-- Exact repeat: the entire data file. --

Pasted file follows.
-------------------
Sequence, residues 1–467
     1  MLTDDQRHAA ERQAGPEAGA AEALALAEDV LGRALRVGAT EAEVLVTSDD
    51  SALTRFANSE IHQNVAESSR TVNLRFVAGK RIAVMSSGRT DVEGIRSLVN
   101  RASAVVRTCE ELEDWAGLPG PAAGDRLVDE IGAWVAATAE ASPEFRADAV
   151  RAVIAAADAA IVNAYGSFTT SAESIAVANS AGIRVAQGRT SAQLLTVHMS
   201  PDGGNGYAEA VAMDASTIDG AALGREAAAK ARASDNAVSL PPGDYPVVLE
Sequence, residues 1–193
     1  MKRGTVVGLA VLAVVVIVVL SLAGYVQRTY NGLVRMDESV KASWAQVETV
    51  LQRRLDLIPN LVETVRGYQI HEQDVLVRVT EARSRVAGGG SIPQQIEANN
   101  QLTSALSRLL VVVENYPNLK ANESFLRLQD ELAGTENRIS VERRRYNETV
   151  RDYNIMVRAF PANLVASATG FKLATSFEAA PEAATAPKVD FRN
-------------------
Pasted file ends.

Sequence, residues 1–467
     1  MLTDDQRHAA ERQAGPEAGA AEALALAEDV LGRALRVGAT EAEVLVTSDD
    51  SALTRFANSE IHQNVAESSR TVNLRFVAGK RIAVMSSGRT DVEGIRSLVN
   101  RASAVVRTCE ELEDWAGLPG PAAGDRLVDE IGAWVAATAE ASPEFRADAV
   151  RAVIAAADAA IVNAYGSFTT SAESIAVANS AGIRVAQGRT SAQLLTVHMS
   201  PDGGNGYAEA VAMDASTIDG AALGREAAAK ARASDNAVSL PPGDYPVVLE
Sequence, residues 1–193
     1  MKRGTVVGLA VLAVVVIVVL SLAGYVQRTY NGLVRMDESV KASWAQVETV
    51  LQRRLDLIPN LVETVRGYQI HEQDVLVRVT EARSRVAGGG SIPQQIEANN
   101  QLTSALSRLL VVVENYPNLK ANESFLRLQD ELAGTENRIS VERRRYNETV
   151  RDYNIMVRAF PANLVASATG FKLATSFEAA PEAATAPKVD FRN